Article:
Brain Tip 2:
The next best thing that you can do for your brain is to use it. Synaptic connections in your brain are maintained on a “use it or lose it” basis, so staying mentally active helps keep your brain calls connected. Playing brain games, doing crossword puzzles or Sudoku will tend to stabilize the specific connection necessary for doing those tasks, but for an overall brain workout, human social interactions are a better bet. Face-to-face conversation with other people activates both your visual and auditory cortex, including the areas devoted to facial and voice recognition as well as those used for evaluating the emotional content of words and their intent. It also activates your language centers, both those for decoding and producing speech. Since we humans are a social species, even mildly positive social interactions will also tend to stimulate your reward centers. Carrying on a conversation with one or more people makes use of both your short term memory for remembering the content of a question, and your long term memory for retrieving information. If the conversation involves some intellectual content, such as working together to accomplish a task or solve a problem, that pretty much activates your whole brain.
Brain Tip 3:
Maintaining a healthy balanced diet, rich in many fruits and vegetables, is the third thing that you can do for your brain. Your brain needs all of the nutrients that the rest of your body needs but it is even more affected by what you eat. Since your brain has very high energy usage and is highly dependent on oxygen and oxidative breakdown of sugar molecules for fuel, your brain is also vulnerable to damage from free radicals produced by this chemical reaction. Your brain therefore benefits even more than the rest of your body from a diet rich in antioxidants, such as those found in many fruits and vegetables.
Brain Tip 4:
Nearly all of the chemicals which human consume recreationally are bad for our brains, but there do appear to be two exceptions. Moderate caffeine and alcohol consumption, that is, one or two cups of coffee or tea a day and one or two glasses of wine or other alcoholic drinks per day, do appear to be beneficial. High levels of caffeine or alcohol intake are bad for your health, but low level consumption appears to be good for your brain. The benefits of low level alcohol consumption appear to be due to a powerful antioxidant, derived from the breakdown of red blood cells which remains in your blood stream for about 24 hours after you consume a small amount of alcohol. The benefits of caffeine appear to be due to a low level stimulation of most, if not all, of your neurons. Caffeine causes calcium to be released from special storehouses inside of your neurons. The resulting increase in free calcium causes more of the chemicals (neurotransmitters) which to pass signals from one neuron to another to be released. Having a little bit of caffeine in your body therefore causes nerve cells to send a few extra signals. Since, as we have just mentioned above, connections which are used more, are more likely to be maintained, that little extra bit of stimulation tends to increase the number of connections that are saved. You will notice that the mechanisms of the beneficial effects of moderate caffeine and alcohol consumption overlap the effects of increased mental activity and an antioxidant rich diet. So, if you have a family history of alcohol abuse, if your heart races when you drink caffeine, or if your religion forbids you to consume either drug, you can just skip this tip and focus more on Brain Tips 2&3.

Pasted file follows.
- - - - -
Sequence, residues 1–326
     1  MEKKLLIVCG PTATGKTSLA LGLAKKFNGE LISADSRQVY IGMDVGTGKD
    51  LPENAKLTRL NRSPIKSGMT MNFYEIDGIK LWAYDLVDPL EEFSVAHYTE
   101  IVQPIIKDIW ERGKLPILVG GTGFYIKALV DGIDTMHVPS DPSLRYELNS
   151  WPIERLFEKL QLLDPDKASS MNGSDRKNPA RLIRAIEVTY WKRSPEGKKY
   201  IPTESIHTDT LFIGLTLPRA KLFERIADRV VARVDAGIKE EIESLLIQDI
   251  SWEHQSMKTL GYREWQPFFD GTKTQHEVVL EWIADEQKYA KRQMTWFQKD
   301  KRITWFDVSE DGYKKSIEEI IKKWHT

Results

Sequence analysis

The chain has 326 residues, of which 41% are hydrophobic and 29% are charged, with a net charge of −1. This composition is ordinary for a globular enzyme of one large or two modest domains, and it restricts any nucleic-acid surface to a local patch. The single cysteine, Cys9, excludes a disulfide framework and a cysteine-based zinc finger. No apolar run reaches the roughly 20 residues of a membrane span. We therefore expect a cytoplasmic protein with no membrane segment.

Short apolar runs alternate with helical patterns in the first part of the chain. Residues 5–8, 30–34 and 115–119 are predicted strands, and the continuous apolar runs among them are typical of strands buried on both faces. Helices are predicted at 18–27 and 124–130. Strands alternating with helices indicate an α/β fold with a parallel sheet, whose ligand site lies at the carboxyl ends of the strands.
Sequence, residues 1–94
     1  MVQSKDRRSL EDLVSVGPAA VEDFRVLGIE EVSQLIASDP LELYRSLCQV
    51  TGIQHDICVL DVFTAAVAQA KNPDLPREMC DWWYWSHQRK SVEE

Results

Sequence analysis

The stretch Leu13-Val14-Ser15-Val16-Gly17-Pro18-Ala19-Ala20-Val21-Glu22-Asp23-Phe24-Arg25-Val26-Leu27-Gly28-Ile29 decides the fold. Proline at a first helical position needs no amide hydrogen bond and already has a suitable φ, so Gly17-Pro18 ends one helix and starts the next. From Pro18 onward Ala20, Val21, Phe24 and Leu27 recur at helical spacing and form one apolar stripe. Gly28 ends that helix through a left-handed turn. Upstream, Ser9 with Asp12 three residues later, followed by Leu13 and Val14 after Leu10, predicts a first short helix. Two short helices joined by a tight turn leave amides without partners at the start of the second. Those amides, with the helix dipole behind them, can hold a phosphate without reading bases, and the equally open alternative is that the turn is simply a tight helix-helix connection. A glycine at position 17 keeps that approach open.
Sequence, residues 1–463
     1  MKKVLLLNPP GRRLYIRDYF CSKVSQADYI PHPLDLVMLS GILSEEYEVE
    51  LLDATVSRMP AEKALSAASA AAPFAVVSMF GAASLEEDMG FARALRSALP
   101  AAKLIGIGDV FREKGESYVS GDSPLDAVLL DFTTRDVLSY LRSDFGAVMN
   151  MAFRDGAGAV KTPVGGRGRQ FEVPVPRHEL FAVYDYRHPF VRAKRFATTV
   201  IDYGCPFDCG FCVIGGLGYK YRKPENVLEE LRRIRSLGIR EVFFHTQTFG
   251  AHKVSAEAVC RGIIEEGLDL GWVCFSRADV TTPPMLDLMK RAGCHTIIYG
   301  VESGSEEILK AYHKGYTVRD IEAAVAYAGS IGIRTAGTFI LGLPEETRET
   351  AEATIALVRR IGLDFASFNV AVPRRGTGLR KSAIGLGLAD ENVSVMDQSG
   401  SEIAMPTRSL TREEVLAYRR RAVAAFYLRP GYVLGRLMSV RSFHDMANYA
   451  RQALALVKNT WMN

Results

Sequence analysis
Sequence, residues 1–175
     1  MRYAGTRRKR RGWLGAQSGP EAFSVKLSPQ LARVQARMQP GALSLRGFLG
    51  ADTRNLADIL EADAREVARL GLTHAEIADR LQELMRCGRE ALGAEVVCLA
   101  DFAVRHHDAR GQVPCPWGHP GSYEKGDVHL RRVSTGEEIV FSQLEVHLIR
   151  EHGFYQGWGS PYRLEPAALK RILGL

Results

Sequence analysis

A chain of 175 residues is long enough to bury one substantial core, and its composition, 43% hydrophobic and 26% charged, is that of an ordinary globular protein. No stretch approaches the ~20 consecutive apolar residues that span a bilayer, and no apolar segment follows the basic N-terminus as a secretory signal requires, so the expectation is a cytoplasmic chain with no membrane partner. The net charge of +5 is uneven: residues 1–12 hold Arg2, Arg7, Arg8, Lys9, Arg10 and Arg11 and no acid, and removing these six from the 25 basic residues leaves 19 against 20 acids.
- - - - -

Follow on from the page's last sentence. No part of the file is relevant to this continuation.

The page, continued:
So what should you do to try and keep your brain healthy? Maybe you should try and get together regularly with a few friends and go for a walk, bicycle ride, or swim and then stop someplace for a cup of coffee or tea and/or a nice plate of fruit or vegetables and engage in some stimulating conversation.